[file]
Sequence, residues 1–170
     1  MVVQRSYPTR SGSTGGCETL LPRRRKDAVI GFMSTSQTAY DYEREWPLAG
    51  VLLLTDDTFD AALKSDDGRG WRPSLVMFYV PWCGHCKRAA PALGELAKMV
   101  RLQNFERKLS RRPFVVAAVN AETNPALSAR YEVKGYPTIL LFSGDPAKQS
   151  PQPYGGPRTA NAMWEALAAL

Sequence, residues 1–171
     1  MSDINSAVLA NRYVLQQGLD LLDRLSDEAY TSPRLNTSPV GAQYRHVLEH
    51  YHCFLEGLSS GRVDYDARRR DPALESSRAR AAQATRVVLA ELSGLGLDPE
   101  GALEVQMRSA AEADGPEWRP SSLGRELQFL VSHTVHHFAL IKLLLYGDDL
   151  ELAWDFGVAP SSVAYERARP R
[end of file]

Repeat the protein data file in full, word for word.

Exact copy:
Sequence, residues 1–170
     1  MVVQRSYPTR SGSTGGCETL LPRRRKDAVI GFMSTSQTAY DYEREWPLAG
    51  VLLLTDDTFD AALKSDDGRG WRPSLVMFYV PWCGHCKRAA PALGELAKMV
   101  RLQNFERKLS RRPFVVAAVN AETNPALSAR YEVKGYPTIL LFSGDPAKQS
   151  PQPYGGPRTA NAMWEALAAL

Sequence, residues 1–171
     1  MSDINSAVLA NRYVLQQGLD LLDRLSDEAY TSPRLNTSPV GAQYRHVLEH
    51  YHCFLEGLSS GRVDYDARRR DPALESSRAR AAQATRVVLA ELSGLGLDPE
   101  GALEVQMRSA AEADGPEWRP SSLGRELQFL VSHTVHHFAL IKLLLYGDDL
   151  ELAWDFGVAP SSVAYERARP R